Factotum (Man of Many Jobs) (15)

Directed by Bent Hamer, Based on the book by Charles Bukowski
Screening at FACT, Wood St, 9th-15th December

Reviewed by Kenn Taylor

We are introduced to Henry Chinawski (Matt Dillon in his best performance for some time) using a pneumatic drill to chop ice into bits for bars and restaurants. His boss asks him to make a delivery to a pub, he leaves and doesn’t return to work, preferring to stay propped up at the bar talking to the old men, so he gets fired, for the first of many times in the film. No matter, he books himself into a sleazy hotel under the title of his real profession - that of a writer - and proceeds to do his favourite things: drink, write and fuck.

This is a film version of one Charles Bukowski’s many cult novels of alcoholism and living the low life in America. This particular tome focusing on his largely autobiographical character Chinawski’s movement between different occupations, all of which he finds equally beneath him, and his bitter adventures with the people that he meets along the way.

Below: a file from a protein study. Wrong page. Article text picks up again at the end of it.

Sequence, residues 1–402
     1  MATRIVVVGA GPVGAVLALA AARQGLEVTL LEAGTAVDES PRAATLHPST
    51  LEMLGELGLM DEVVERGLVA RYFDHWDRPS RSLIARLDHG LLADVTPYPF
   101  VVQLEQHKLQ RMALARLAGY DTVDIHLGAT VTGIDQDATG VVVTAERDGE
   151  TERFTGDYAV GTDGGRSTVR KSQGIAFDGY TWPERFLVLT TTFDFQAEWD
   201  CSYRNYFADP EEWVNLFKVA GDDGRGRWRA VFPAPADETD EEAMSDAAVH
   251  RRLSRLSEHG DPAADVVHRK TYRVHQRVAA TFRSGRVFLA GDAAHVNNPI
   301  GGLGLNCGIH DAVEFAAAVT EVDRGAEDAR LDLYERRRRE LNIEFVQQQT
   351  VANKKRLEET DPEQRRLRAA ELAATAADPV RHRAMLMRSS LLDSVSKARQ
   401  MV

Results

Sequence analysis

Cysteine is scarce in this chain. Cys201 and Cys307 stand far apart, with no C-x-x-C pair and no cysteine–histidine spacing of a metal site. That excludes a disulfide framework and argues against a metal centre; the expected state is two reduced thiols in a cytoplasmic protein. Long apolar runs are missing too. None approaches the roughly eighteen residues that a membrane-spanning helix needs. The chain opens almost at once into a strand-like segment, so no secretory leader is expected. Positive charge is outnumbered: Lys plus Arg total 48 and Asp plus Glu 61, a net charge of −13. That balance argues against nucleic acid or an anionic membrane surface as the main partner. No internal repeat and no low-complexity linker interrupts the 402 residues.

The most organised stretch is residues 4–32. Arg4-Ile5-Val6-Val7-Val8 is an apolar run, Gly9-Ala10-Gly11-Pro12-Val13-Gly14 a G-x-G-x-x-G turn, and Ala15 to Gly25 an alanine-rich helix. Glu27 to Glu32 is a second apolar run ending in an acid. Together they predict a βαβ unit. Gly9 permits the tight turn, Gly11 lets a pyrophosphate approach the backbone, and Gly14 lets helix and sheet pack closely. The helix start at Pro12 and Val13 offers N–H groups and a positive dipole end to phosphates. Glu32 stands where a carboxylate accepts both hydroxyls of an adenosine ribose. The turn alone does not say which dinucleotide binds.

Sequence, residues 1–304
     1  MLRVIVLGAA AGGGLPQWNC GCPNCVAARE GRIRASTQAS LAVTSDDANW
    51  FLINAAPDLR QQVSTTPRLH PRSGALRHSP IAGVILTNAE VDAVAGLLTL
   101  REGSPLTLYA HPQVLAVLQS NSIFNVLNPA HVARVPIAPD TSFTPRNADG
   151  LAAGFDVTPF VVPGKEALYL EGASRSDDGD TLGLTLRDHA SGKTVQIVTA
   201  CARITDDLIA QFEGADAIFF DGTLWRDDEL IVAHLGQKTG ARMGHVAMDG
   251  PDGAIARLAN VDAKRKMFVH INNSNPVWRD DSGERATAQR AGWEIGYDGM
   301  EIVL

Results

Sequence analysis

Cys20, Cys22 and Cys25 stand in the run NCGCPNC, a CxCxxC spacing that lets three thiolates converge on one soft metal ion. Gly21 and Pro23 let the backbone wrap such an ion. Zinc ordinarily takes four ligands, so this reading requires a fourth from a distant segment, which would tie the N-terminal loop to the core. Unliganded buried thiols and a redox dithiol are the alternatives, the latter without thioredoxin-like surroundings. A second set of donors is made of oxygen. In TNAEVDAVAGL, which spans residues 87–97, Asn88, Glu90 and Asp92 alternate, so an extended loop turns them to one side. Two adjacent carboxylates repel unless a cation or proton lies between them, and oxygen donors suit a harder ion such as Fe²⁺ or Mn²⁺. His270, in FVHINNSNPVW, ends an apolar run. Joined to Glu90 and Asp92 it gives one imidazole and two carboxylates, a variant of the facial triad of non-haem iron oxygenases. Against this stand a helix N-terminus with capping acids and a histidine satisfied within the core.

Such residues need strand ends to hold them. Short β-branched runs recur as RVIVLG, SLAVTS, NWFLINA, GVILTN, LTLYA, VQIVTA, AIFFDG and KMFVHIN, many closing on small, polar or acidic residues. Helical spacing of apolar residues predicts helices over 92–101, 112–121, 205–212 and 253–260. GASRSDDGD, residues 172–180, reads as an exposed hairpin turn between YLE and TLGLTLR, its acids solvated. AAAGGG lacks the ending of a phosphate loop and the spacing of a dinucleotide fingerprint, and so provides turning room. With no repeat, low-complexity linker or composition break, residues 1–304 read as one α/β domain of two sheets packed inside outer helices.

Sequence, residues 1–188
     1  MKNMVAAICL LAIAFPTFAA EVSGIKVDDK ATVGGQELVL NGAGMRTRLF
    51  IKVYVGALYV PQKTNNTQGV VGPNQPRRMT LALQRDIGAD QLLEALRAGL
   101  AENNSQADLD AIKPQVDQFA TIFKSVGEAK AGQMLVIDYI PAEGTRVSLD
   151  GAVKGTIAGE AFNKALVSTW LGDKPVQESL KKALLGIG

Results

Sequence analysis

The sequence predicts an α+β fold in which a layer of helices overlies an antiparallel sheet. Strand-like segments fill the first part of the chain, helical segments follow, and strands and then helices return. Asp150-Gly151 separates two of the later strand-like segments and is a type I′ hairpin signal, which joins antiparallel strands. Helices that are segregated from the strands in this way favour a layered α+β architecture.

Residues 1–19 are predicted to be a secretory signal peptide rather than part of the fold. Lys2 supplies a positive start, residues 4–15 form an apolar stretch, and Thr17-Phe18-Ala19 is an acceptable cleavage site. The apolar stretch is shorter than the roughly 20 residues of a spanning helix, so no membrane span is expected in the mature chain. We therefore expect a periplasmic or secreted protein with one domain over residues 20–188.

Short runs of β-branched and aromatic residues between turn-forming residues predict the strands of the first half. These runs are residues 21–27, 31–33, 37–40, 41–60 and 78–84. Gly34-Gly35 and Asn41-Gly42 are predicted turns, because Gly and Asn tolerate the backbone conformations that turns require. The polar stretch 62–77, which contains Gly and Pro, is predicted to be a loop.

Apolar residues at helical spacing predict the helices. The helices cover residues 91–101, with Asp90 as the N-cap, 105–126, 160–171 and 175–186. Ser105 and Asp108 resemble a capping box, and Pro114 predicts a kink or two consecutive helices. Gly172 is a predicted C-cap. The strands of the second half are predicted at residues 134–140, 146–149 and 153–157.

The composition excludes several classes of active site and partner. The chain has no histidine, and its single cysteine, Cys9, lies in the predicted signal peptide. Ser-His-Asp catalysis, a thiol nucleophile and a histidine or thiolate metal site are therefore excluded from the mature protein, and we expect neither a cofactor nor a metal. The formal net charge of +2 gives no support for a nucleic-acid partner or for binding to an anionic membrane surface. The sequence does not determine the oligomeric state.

Henry doesn’t even manage to finish his training to become a cab driver before he gets sacked, while drunkenness ends his job at a pickle factory. As he slides through life he comments on the world around him and the odd characters that pass through his life from bosses to lovers. Like Jan, who he buys a drink when they meet; three days later he moves into her apartment. This relationship soon breaks down too when she becomes sick off his success at gambling and he loses his job in a bicycle supply warehouse.

Chinawski’s life is one largely of monotony, punctuated occasionally by the odd small adventure. Skipping work to go to the races, one of the women he meets gets him a short passage on an old lothario’s yacht. He tries to get a job as a reporter for ‘Time’ and ending up as statue polisher.

Bukowski is viewed by some as a painfully honest writer that refused to sell out, by others as bitter, arrogant and obsessed with his own integrity. Either way Bukowski’s books are filled with brutally dark humour wild tales and occasionally a clear view through all the bullshit of the human condition.

Norwegian director Bent Hamer manages to capture on film the deadpan tone and dry humour of Bukowski’s writing; even the pace of the film seems to be slowed by the protagonist’s world weary actions. It makes no attempt to glamorise the sorry existence of Chinawski/Bukowski, just showing his life, torn fatally between his talent and intelligence on the one hand and his arrogance and desire for authenticity on the other.

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